I am Julia Rhodes, principal colon hydro therapist with West London Colonics.
WLC Wahanda page: http://www.wahanda.com/place/west-london-colonics/
Basic criteria to assess the quality of a colon hydro therapist begins with:
a) Initial point of contact with the prospective client (i.e. how the therapist came to the client’s notice). This could via marketing literature (pamphlets and business cards) or the ubiquitous Group on, Watcher or similar. Best from the point of view of both therapist and client is WoM (Word of mouth from a trusted source). In todays web driven marketplace, web searches are increasingly the preferred search method for sourcing services. First impressions count. There is not a second chance to make a first impression.
The way a person carries out their business - Do ads, websites and the like convey professionalism ?
b) Regulatory compliance: Professional qualifications, insurance and affiliation to regulatory bodies.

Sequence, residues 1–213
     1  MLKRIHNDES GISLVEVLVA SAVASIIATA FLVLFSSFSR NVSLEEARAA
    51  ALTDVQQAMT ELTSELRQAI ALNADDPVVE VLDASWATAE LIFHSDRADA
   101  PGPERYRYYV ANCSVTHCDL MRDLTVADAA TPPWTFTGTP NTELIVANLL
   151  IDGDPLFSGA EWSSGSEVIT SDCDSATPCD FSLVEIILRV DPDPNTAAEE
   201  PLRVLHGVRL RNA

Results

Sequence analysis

Another guideline is how complete an intake (or initial health) interview is. If this is perfunctory, they have no idea of a client’s needs or restrictions, a bad sign.
c) A focus on Communication and client education. Understanding the client’s problems and being able to devise a treatment plan that addresses them shows competency in their skill set, provided that the plan is flexible and empathetic to what the client is able and prepared to do (not what they are not!)
A good colon hydro therapist can help you get you the result or outcome you're looking for (provided you also play your part), quickly and effectively. But not superficially. In colon hydrotherapy its useful to go slow to go fast.
e). Experience: a therapist needs experience to understand not just the needs and wants, but the fuller expectations of the client.
f) Quality of interactions: Can you speak to the therapist on the phone, get questions answered etc. Response times for emails and returned calls, plus the content of the response you get will all give you an indication of what sort of person you are dealing with and whether they are a full time therapist.
After you have weighed up these sorts of things, the best advice is to go with the one that feels right, (someone you find easy to talk to, or who you feel has been straightforward and honest)
So in short, do the background checks and research, and then go with your gut feelings.
See also my comments under 'Veliles' answer .